To use this strategy we first create an Estimator from the compiled tf.keras model and give it the MirroredStrategy configuration via the RunConfig config. This configuration by default will use all the GPUs but you can also give it a num_gpus option to use a specific number of GPUs:

strategy = tf.contrib.distribute.MirroredStrategy(num_gpus=NUM_GPUS)
config = tf.estimator.RunConfig(train_distribute=strategy)
estimator = tf.keras.estimator.model_to_estimator(model,

Create an Estimator input function

To pipe data into Estimators we need to define a data importing function which returns a dataset of (images,labels) batches of our data. The function below takes in numpy arrays and returns the dataset via an ETL process.

Note that in the end we also call the prefetch method which will buffer the data to the GPUs while they are training so that the next batch is ready and waiting for the GPUs rather than having the GPUs wait for the data at each iteration. The GPU might still not be fully utilized and to improve this we can use fused versions of the transformation operations like shuffle_and_repeat instead of two separate operations, but I have kept the simple case here.

def input_fn(images, labels, epochs, batch_size):
# Convert the inputs to a Dataset. (E)
ds =, labels))
    # Shuffle, repeat, and batch the examples. (T)
ds = ds.shuffle(SHUFFLE_SIZE).repeat(epochs).batch(batch_size)
ds = ds.prefetch(2)
    # Return the dataset. (L)
return ds

Train the Estimator

Lets first define a SessionRunHook class for recording the times of each iteration of stochastic gradient descent:

class TimeHistory(tf.train.SessionRunHook):
def begin(self):
self.times = []
    def before_run(self, run_context):
self.iter_time_start = time.time()
    def after_run(self, run_context, run_values):
self.times.append(time.time() - self.iter_time_start)

Now the good part! We can call the train function on our Estimator giving it the input_fn we defined (with the batch size and the number of epochs we wish to train for) and a TimeHistory instance via it’s hooks argument:

time_hist = TimeHistory()


Thanks to our timing hook we can now use it to calculate the total time of training as well as the average number of images we train on per second (the average through-put):

total_time = sum(time_hist.times)
print(f"total time with {NUM_GPUS} GPU(s): {total_time} seconds")
avg_time_per_batch = np.mean(time_hist.times)
print(f"{BATCH_SIZE*NUM_GPUS/avg_time_per_batch} images/second with
Fashion-MNIST training through-put and total times on two K80 GPUs with different NUM_GPUS exhibiting poor scaling.

Evaluate the Estimator

In order to check the performance of our model we call the evaluate method on our Estimator:


Retinal OCT (optical coherence tomography) images example

To test the scaling performance on some bigger dataset we use the Retinal OCT images dataset, one of the many great datasets from Kaggle. This dataset consists of cross sectional X-Ray images of the retinas of living humans grouped into four categories: NORMAL, CNV, DME and DRUSEN:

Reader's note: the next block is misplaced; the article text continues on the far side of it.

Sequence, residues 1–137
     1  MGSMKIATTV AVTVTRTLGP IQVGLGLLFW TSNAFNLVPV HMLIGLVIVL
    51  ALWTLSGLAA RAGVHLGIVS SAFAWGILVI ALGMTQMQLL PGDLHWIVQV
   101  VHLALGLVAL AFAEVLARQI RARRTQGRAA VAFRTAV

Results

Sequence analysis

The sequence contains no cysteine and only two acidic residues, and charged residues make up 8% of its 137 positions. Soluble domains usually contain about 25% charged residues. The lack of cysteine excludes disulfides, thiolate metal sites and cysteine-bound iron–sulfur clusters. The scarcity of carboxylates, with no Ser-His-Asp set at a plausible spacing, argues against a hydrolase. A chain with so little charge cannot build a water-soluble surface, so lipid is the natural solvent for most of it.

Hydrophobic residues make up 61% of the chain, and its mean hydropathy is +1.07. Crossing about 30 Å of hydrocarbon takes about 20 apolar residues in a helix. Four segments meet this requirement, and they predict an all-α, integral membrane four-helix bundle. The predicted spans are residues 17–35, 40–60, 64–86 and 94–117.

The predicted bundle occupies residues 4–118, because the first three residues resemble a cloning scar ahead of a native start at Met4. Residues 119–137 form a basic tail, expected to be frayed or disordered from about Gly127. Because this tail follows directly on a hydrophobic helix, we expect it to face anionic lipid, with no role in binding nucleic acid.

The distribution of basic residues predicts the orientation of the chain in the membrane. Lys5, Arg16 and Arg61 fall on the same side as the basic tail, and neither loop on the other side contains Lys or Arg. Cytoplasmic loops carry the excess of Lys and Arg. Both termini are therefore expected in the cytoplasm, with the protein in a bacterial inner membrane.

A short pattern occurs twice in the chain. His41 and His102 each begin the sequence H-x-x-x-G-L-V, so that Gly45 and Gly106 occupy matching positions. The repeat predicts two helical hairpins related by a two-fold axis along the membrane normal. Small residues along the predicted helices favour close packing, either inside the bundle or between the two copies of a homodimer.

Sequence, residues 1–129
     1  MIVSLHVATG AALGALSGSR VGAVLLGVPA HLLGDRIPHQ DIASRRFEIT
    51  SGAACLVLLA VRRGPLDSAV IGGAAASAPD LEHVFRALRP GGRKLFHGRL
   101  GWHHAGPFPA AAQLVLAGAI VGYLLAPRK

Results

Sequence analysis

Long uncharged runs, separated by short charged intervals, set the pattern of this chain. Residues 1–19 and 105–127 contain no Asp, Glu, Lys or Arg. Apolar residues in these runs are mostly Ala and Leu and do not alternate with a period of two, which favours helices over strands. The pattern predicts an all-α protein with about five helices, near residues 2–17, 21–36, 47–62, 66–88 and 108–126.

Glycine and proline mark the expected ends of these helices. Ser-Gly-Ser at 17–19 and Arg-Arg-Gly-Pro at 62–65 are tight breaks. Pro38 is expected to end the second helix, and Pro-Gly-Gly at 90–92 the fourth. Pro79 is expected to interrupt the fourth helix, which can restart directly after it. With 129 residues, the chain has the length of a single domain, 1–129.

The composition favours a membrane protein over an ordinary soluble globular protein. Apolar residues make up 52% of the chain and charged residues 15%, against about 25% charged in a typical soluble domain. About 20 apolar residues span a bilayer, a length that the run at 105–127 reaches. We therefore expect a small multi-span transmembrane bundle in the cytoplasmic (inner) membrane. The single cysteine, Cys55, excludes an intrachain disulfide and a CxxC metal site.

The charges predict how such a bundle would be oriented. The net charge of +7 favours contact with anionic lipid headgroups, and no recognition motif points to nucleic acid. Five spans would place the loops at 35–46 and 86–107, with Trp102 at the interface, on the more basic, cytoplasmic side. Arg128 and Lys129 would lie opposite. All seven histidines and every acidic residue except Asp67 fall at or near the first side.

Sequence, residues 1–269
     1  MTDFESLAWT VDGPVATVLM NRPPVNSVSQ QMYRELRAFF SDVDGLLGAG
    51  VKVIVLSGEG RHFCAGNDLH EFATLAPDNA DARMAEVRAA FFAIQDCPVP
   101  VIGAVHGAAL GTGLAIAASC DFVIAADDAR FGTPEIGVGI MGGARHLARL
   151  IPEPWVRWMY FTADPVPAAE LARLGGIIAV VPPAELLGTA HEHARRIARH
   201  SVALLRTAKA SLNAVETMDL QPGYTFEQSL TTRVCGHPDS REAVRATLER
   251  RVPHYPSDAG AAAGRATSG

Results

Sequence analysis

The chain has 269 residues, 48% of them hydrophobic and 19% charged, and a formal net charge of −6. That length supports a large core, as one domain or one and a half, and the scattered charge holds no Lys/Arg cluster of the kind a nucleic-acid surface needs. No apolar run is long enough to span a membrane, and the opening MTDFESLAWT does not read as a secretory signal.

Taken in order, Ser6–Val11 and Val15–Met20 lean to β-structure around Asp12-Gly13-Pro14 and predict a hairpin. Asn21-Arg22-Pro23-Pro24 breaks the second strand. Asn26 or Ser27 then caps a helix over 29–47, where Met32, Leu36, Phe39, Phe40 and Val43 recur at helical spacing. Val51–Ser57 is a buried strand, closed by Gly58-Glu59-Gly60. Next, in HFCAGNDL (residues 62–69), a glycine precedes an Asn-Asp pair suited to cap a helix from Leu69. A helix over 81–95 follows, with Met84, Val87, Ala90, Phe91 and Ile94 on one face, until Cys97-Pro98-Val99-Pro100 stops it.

Representative Optical Coherence Tomography Images from Identifying Medical Diagnoses and Treatable Diseases by Image-Based Deep Learning by Kermany et. al

The dataset has a total of 84,495 X-Ray JPEG images, typically 512x496, and can be downloaded via the kaggle CLI:

#!pip install kaggle
#!kaggle datasets download -d paultimothymooney/kermany2018

Once downloaded the training and test set image classes are in their own respective folder so we can define a pattern as:

labels = ['CNV', 'DME', 'DRUSEN', 'NORMAL']
train_folder = os.path.join('OCT2017', 'train', '**', '*.jpeg')
test_folder = os.path.join('OCT2017', 'test', '**', '*.jpeg')

Next we write our Estimator’s input function which takes any file pattern and returns resized images and one hot encoded labels as a This time we follow the best practices from the Input Pipeline Performance Guide. Note in particular that if prefetch's buffer_size is None then TensorFlow will use an optimal prefetch buffer size automatically:

This time to train this model we will use a pretrained VGG16 and retrain just it’s last 5 layers:

keras_vgg16 = tf.keras.applications.VGG16(input_shape=(224,224,3),
output = keras_vgg16.output
output = tf.keras.layers.Flatten()(output)
prediction = tf.keras.layers.Dense(len(labels),
model = tf.keras.Model(inputs=keras_vgg16.input,
for layer in keras_vgg16.layers[:-4]:
layer.trainable = False

Now we have all we need and can proceed as above and train our model in a few minutes using NUM_GPUS GPUs:

strategy = tf.contrib.distribute.MirroredStrategy(num_gpus=NUM_GPUS)
config = tf.estimator.RunConfig(train_distribute=strategy)
estimator = tf.keras.estimator.model_to_estimator(model,

Once trained we can evaluate the accuracy on the test set, which should be around 95% (not bad for an initial baseline 😀):

Retinal OCT training through-put and total times on two K80 GPUs with different NUM_GPUS exhibiting linear scaling.


We showed above how easy it is to train deep learning Keras models on multiple GPUs by using the Estimators API, how one can write an input pipeline which follows the best practices to get good utilisation of our resources (linear scaling) and how to time our training through-put via hooks.

Do note that in the end the main thing we care about is the test set error. You might notice that the test set accuracy decreases as we increase the NUM_GPUS. One reason for this could be the fact that MirroredStrategy effectively trains with a batch size of BATCH_SIZE*NUM_GPUS which might require either adjusting the BATCH_SIZE or the learning rate as we use more GPUs. Here I have kept all the other hyperparameters apart from NUM_GPUS constant for the sake of making the plots, but in reality one would need to tune them.

The size of the dataset as well as the model size also affects how well these schemes scale. GPUs have poor bandwidth when reading or writing small data and this is especially true for older GPUs like the K80 and could account for the Fashion-MNIST plots above.


Thank you to the TensorFlow team especially Josh Gordon and everyone in Zalando Research for their help in fixing up the draft especially Duncan Blythe, Gokhan Yildirim and Sebastian Heinz.